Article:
The political opinion on pot is evolving pretty quickly. For two years Congress has told the Justice Department not to spend money going after pot shops in states that have legalized medical marijuana, even though the drug remains illegal under federal law. President Obama has taken a hands-off approach as Colorado, Washington and other states have legalized adult recreational use. And now the Drug Enforcement Administration is considering reclassifying marijuana from the ludicrously inappropriate Schedule 1 (meaning no accepted medicinal value and highly addictive) -- a move the Times Editorial Board believes is way overdue.
Will the next president continue the federal government's increasingly mellow approach to marijuana? Or restart the drug war? Here's where the presidential candidates stand on pot:
She has said she supports medical marijuana and wants to reclassify marijuana from a Schedule 1 drug to Schedule 2 (medicinal value, highly addictive) so researchers can do more studies on health effects, positive and negative, of cannabis.
She says states should be allowed to vote to legalize and regulate adult, recreational use. "But I want to see what the states learn from that experience, because there are still a lot of questions we still have to answer on the federal level,” Clinton said last month on ABC’s “Jimmy Kimmel Live.”
He introduced legislation last fall that would remove marijuana from the Controlled Substances Act, which would let states regulate marijuana. The bill has no co-sponsors and doesn’t appear to be moving.
“In my view, states should have the right to regulate marijuana the same way that state and local laws now govern sales of alcohol and tobacco,” Sanders said last fall.
He has said that while he personally opposes the legalization of marijuana, he believes states should be able to decide their own cannabis policies.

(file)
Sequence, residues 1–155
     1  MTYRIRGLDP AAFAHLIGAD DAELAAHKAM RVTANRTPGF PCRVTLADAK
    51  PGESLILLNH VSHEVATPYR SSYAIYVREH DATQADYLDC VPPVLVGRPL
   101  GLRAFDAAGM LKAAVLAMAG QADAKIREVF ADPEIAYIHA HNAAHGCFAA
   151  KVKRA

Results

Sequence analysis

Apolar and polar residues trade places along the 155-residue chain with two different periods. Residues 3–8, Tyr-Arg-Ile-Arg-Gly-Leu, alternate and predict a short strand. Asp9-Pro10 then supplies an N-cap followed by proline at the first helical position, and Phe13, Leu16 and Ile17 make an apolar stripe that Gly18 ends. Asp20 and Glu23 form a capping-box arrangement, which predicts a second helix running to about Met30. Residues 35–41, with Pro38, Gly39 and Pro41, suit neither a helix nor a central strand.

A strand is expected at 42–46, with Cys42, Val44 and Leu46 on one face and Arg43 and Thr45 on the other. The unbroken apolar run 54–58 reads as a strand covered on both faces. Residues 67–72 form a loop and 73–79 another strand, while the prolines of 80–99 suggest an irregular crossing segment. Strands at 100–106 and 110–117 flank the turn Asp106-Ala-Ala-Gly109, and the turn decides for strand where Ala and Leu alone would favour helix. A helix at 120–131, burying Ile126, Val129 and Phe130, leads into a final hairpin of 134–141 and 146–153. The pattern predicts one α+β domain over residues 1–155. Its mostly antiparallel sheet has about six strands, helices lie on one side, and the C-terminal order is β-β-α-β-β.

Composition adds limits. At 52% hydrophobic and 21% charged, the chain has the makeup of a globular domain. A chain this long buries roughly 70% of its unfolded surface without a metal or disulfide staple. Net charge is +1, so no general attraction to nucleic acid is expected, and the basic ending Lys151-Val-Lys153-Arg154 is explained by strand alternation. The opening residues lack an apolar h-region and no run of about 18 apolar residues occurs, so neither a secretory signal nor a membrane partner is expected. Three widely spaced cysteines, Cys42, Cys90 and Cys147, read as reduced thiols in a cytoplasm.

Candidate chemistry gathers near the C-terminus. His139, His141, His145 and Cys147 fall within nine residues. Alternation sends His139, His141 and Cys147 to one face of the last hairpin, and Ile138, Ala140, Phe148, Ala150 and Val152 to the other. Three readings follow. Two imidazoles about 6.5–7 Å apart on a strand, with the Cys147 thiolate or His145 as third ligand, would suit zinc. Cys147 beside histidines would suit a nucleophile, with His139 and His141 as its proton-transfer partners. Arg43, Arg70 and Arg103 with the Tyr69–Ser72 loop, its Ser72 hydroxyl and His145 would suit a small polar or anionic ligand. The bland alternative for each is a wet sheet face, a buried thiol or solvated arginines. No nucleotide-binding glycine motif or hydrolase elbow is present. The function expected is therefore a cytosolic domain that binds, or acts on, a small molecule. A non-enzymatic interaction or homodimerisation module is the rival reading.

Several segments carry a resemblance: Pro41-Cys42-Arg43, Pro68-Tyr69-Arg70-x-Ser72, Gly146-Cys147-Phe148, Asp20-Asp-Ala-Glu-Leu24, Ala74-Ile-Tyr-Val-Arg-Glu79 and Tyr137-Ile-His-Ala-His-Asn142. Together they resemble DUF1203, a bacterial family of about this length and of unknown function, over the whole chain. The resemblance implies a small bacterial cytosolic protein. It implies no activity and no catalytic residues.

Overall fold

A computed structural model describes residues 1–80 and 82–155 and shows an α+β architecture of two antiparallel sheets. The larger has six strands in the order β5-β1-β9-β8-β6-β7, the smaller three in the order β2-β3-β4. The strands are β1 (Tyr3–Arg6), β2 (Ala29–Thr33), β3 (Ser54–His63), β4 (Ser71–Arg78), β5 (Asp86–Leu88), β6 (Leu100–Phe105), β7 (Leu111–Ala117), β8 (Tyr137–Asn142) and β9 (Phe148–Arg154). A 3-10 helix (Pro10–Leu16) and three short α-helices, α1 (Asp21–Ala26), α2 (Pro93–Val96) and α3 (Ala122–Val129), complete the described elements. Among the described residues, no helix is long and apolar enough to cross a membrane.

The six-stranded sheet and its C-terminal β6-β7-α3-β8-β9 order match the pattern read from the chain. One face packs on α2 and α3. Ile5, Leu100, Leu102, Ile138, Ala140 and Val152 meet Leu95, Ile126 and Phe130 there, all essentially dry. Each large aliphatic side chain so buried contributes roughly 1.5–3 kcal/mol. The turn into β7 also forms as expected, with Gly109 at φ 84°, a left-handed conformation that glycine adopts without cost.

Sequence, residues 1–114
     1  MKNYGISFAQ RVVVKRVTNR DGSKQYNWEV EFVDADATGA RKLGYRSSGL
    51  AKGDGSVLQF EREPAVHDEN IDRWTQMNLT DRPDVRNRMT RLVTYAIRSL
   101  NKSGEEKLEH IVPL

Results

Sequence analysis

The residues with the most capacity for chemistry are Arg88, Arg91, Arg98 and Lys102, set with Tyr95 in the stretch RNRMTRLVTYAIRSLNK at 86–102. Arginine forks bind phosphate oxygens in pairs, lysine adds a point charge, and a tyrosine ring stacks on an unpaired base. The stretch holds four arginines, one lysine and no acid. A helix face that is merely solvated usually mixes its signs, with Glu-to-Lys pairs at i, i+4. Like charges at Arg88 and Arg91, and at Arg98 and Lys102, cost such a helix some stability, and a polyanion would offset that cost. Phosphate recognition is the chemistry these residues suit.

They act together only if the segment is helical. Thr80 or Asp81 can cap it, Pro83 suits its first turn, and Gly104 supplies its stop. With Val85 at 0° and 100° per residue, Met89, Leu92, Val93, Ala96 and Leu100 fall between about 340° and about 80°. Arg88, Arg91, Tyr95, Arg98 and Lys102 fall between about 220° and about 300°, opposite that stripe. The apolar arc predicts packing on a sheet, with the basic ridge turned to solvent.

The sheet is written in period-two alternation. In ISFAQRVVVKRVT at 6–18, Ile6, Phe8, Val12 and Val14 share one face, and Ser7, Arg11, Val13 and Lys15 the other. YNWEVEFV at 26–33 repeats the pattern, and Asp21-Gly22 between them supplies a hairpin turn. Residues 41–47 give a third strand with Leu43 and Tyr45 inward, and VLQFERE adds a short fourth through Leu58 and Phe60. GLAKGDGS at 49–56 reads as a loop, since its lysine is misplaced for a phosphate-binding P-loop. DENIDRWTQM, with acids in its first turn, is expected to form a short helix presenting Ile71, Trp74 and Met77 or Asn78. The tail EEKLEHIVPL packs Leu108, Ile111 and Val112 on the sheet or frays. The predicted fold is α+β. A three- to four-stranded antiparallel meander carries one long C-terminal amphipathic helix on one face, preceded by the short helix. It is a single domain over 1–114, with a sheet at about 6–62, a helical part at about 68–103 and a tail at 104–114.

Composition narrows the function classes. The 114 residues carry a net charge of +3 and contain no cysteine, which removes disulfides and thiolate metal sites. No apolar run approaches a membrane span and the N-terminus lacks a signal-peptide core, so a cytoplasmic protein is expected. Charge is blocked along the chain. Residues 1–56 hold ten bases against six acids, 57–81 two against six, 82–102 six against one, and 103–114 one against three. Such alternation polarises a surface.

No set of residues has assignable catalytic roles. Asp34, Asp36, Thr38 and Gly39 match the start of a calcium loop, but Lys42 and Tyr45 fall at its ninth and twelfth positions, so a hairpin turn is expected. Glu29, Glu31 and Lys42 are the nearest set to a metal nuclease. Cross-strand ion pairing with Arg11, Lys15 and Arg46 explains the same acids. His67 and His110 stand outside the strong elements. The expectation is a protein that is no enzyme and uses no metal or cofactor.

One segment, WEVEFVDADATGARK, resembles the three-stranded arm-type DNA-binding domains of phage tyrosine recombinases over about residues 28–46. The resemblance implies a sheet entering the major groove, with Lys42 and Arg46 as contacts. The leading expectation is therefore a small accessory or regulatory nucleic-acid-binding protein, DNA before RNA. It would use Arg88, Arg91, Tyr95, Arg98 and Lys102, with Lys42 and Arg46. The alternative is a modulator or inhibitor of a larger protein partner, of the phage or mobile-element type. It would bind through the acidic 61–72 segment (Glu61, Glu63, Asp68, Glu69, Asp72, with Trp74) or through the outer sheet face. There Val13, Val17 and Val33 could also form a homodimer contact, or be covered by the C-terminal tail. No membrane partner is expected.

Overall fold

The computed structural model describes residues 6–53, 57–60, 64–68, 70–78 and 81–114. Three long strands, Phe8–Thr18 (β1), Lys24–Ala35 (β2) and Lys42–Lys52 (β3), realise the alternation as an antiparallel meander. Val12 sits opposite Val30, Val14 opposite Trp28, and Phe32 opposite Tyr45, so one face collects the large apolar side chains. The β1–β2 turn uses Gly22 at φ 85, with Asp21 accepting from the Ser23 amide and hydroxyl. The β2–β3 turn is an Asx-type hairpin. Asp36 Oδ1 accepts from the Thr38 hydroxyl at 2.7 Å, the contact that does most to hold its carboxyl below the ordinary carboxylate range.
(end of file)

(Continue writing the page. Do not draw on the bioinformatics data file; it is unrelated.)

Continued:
But he has also criticized the Obama administration for deciding not to enforce the federal prohibition on marijuana when Colorado and Washington voters legalized recreational use.
He has opposed medical marijuana in the past, but recently said he is open to it.
As for legalizing recreational use, he told radio host Hugh Hewitt that he is totally opposed and as president he would “lead a significant campaign down at the grass roots level to stomp these drugs out of our country.” Yet in the same interview he said he recognized states’ rights.
He is “100%” in favor of medical marijuana, he said on Fox News' "The O’Reilly Factor" in February.
On that same show, he hedged on the question of legalizing marijuana for adult use, saying it’s good in some ways, bad in others. However, last fall he told Nevada voters that he supports letting states decide whether they want to legalize adult recreational use.
For more on the candidates' thoughts on marijuana, check out the analysis by legalization advocates the National Organization for the Reform of Marijuana Laws and the Marijuana Policy Project.
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